PER KIRKEBY – PAINTINGS AND SCULPTURES AT THE LOUISIANA MUSEUM
Although Per Kirkeby worked in many genres alongside painting, there is no doubt that he saw himself as a painter. He even accepted the term ‘painter-sculptor’ to characterize the kind of sculptural art that has a clear relationship with painting. Still, his sculptural oeuvre unfolded as an independent practice and at the same time showing the constant interaction between image and sculpture in his mature work.
The bronze sculpture entered Kirkeby’s world during a period of artistic crisis in his painting. This was also a time, where he was deeply impressed and inspired by the work of Auguste Rodin. The viewer is immediately drawn to the strenght and depth of these works and it is remarkable how they alternate between intense, compact statements and realms of monumental calm, where each work can become the object of experience and reflection.
The artist’s endeavor with sculpture happened in the first half of the eighties, and Kirkeby was soon busy with plaster and bronze; the motifs were body fragments such as heads and arms, later develping and evolving still closer to the forms of nature – a torso e.g. looking very much like a tree trunk.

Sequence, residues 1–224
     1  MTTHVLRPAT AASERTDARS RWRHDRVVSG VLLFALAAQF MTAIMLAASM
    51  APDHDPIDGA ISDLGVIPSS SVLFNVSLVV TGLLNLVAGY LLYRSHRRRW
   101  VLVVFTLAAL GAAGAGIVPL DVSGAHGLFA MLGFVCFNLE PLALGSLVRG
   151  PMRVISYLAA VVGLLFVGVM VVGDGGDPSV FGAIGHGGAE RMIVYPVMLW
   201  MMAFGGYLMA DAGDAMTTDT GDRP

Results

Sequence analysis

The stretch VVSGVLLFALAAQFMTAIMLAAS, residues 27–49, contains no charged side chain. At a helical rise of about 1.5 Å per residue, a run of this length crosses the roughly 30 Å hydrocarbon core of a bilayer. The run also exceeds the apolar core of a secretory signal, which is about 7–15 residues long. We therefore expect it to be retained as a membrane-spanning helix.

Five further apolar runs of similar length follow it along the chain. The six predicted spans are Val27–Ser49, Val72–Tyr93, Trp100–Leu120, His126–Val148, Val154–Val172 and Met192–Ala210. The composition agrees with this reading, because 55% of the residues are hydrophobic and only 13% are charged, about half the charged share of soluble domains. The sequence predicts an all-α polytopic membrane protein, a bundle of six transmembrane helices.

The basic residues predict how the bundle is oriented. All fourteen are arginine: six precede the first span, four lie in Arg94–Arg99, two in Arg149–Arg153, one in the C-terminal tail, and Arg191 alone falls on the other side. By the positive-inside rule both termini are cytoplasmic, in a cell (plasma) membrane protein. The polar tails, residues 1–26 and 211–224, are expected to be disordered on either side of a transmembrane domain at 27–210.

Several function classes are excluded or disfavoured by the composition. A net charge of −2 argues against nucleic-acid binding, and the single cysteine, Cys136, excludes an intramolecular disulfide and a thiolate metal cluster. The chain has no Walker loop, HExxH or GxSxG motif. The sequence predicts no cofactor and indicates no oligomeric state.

From here on Kirkeby embarks on the large formats – monumental and heavy sculptures which would normally stand beneath the open sky. The pictorial world is mythological – inspired by (the often ultimately tragic) heroes of antiquity: Hercules, Laocoön and Jason.
The sculptures are ideally studied in juxtaposition with the artist’s drawings, sketches, models and paintings as they all influence each other and present interesting cross references. Also the works of other influencial artists like Giacometti, Jorn, Leroy are reflected in Kirkeby’s oevre.
In addition, Kirkeby’s sculptures have a number of extraordinary qualities in several respects. One of the obvious ones is the way he manages the surface of the sculpture. Often it looks as if the sculpture is more painted forth than actually formed. Many of Kirkeby’s bronzes resemble frozen brush strokes, as if lifted out of the painting and given a seperate body.